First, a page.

The year 1969 saw the new experimental movement gained its common name "progressive rock" (although the origin of this is unknown). Nineteen sixty-nine also saw a new batch of bands that would eventually become the embodiment of the genre. Yes released its first album on Atlantic (although larger success would not come to the band until 1971's The Yes Album). King Crimson released In The Court Of The Crimson King, which garnered the most attention among fans and critics alike (Pete Townsend of The Who called In The Court..."an uncanny masterpeice."
While traditional rock and roll is ultimately based on the blues, progressive rock tends to be based more in European classical music and post bop jazz. Gustav Holtz's Mars was a concert staple at King Crimson concerts in the early 70's and Emerson, Lake and Palmer put Copeland's Hoedown and Mussorgsky's Pictures at an Exhibition in their repertoire.
Fripp emerged in 1972 with his most forward-looking and brashest Crimson, including Bill Bruford (who left the far more successful Yes to join), John Wetton (of Family), new lyricist Robert Palmer-Jones, David Cross, and Jamie Muir (who left for a Buddhist monastery after Larks' Tongues in Aspic). This lineup specialized in brainy, Gothic metal and jagged, dissonant free improvisation, and drew critical comparisons to Captain Beefheart's Magic Band and, thanks to Cross' electric violin, the Mahavishnu Orchestra.
The eerie, portentous sound of early King Crimson set the tone for British art rock. But by the time the group's Melotron-heavy sound and psychedelic lyrics had turned into lucrative clichés, leader Robert Fripp had long since shifted the group's style toward music that was far more eccentric, complex, and dissonant. The original Crimson's roots when back to 1967, when the Bournemouth trio Giles, Giles and Fripp began making whimsical pop, which resulted in one British-only album in 1968 called The Cheerful Insanity of Giles, Giles and Fripp.
There was a time when "progressive rock" was easy to define, and everybody knew who played it-Jethro Tull, ELP, Yes, and other peculiar, bombastic men who owned an inordinate number of Moog synthesizers during the mid-1970s. This was an extremely amusing era for rock; the single best example from the period was King Crimson's 1969 song "21st Century Schizoid Man," a track built on a spooky two-pronged premise: What would it be like to encounter a fellow who was not only from the distant future, but also suffering from an untreated mental illness?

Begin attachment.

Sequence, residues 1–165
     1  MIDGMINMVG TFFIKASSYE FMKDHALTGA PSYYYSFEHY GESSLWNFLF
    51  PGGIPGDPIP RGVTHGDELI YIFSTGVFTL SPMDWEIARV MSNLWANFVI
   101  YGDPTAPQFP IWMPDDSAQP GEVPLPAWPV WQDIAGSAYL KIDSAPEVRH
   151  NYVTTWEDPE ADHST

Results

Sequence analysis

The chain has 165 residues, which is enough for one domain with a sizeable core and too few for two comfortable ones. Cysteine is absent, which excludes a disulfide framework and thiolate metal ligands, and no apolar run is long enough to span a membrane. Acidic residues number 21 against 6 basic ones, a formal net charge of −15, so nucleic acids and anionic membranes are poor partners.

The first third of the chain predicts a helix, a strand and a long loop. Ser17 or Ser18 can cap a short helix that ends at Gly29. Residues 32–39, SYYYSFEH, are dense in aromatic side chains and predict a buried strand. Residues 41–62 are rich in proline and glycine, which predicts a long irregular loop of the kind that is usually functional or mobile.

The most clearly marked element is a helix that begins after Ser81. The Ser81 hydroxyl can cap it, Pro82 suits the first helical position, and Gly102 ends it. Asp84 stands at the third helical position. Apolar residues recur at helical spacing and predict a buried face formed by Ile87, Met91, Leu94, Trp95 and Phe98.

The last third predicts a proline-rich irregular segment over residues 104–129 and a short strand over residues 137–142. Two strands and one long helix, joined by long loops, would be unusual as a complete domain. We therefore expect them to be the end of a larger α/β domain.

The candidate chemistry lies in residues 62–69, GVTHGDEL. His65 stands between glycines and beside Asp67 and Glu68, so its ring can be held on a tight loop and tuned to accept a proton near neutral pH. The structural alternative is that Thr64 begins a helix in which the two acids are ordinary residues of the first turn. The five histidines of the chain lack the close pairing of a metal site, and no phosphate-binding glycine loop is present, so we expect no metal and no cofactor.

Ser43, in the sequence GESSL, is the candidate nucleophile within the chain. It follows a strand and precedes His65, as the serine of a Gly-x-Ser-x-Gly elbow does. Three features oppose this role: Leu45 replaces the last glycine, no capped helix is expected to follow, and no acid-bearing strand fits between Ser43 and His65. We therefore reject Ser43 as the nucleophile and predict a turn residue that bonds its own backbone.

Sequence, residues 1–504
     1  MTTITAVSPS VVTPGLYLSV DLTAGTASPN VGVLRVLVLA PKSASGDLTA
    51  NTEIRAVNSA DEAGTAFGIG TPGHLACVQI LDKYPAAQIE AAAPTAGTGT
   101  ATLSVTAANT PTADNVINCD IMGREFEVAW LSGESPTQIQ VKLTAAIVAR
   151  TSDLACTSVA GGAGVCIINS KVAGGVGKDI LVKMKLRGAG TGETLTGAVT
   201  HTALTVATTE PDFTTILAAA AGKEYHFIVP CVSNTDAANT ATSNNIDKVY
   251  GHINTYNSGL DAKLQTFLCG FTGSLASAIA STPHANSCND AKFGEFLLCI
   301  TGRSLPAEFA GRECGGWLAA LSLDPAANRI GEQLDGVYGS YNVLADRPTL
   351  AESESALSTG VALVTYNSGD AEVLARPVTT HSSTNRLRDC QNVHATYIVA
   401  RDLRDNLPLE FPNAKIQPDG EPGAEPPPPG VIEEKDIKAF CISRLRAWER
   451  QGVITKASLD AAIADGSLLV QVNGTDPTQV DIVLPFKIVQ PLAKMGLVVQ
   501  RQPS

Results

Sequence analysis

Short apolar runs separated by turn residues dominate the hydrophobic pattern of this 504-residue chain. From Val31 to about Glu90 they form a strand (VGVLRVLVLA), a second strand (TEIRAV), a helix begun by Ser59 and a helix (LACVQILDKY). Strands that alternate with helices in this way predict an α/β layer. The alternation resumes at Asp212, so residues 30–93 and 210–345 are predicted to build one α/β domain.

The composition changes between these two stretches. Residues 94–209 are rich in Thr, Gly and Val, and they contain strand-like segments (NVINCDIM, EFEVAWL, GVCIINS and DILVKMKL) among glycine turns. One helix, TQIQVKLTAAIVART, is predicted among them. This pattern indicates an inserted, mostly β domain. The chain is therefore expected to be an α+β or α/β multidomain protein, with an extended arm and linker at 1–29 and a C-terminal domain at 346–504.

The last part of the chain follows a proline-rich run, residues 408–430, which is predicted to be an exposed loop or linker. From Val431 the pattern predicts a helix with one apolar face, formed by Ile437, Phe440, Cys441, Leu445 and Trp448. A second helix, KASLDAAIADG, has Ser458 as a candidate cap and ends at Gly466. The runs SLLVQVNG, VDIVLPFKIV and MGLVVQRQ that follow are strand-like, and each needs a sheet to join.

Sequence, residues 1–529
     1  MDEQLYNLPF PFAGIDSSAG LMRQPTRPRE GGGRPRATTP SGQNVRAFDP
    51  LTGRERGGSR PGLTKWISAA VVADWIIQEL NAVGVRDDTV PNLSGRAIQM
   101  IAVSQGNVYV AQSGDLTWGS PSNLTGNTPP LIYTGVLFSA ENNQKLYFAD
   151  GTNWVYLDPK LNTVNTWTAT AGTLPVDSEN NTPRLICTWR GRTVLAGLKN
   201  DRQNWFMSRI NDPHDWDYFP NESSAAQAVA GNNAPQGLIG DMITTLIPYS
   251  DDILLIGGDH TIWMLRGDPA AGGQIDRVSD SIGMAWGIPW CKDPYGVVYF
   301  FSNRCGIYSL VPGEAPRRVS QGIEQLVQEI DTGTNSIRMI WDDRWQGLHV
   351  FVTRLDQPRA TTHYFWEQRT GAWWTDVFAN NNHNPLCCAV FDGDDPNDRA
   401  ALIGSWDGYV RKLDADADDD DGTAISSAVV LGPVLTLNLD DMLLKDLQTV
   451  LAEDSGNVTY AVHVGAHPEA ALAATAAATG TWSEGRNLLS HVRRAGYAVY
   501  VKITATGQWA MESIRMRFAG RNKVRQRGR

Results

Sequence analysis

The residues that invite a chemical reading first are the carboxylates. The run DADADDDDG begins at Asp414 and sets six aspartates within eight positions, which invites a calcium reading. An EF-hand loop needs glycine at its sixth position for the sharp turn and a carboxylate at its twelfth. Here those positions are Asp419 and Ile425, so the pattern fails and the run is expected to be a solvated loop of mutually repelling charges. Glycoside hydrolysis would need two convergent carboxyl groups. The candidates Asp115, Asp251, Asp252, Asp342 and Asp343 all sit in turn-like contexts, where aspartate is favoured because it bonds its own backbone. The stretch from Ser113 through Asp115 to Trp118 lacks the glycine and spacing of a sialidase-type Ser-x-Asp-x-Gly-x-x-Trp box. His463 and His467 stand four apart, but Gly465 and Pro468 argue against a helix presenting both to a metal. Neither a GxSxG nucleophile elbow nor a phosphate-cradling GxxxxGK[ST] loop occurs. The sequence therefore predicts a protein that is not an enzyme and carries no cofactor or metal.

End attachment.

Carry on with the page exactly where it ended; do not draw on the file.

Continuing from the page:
Bad Religion record a self-titled EP in '81. Gurewitz borrows $1,000 from his father to press it, and Epitaph Records, named after the King Crimson lyric "Confusion will be my epitaph," is born.
"Today, there are greater necessities for me than pulling new KC music from the air & touring the world to present it to ears that would rather hear an older repertoire (which is pretty fab, may we note). Live KC music of any period would have value, but I doubt it would shape the contemporary musical debate. A grief of expectations, conventionality, conflicting demands – a younger Fripp would have dealt with it, and suffered. An older Fripp chooses his suffering more carefully[," says Robert Fripp in a 2010 diary entry.]
The big bang of prog rock was King Crimson's 1969 debut LP In the Court of the Crimson King. Months after the record was released, the original line-up dissolved and Crimson has existed in countless permutations ever since. The only constant member is Robert Fripp, though he seems to have lost interest in the band and they haven't played in a few years.
Kanye West has served up the surprise party jam for Memorial Day weekend as the rapper returned this morning with the explosive new track "Power." The song, reportedly the first single from his highly-anticipated fifth album Good *ss Job, reunites Kanye with Dwele, the soul singer who provided the hook to West's "Flashing Lights." Nah Right reports that Symbolyc One produced the cut, which carves an unexpected sample out of King Crimson's prog-rock classic "21st Century Schizoid Man."
King Crimson, from the start, were never stable enough to get nostalgic — they had been through more than half a dozen lineups when founding guitarist Robert Fripp first disbanded the group in the mid-Seventies — and the current band comes with its own set of changes: a new, second drummer, Gavin Harrison from the British-prog unit Porcupine Tree, and returning bassist and Stick player Tony Levin. The result is a fascinating hybrid of homecoming and unfinished business. Levin and singer-guitarist Adrian Belew first played with Fripp in the propulsive, contrapuntal-guitar Crimson of the Eighties. Harrison and drummer Pat Mastelotto's drum talk at Nokia, especially in their explosive overtures to "Lark's Tongue in Aspic" and "Thela Hun Ginjeet," recalled Mastelotto's knotted locomotion with Bill Bruford in the short-lived double quartet of the mid-Nineties.
King Crimson, now celebrating their fortieth anniversary, ended the first of four small-room shows here by not playing the most obvious encore: the fuzz-and-fury beast "21st Century Schizoid Man," from the group's 1969 debut album, In the Court of the Crimson King. It has, in fact, been a rare sighting for decades — I've only seen them play it once, in Philadelphia in 1974, sandwiched on a bill between the Kinks and Peter Frampton.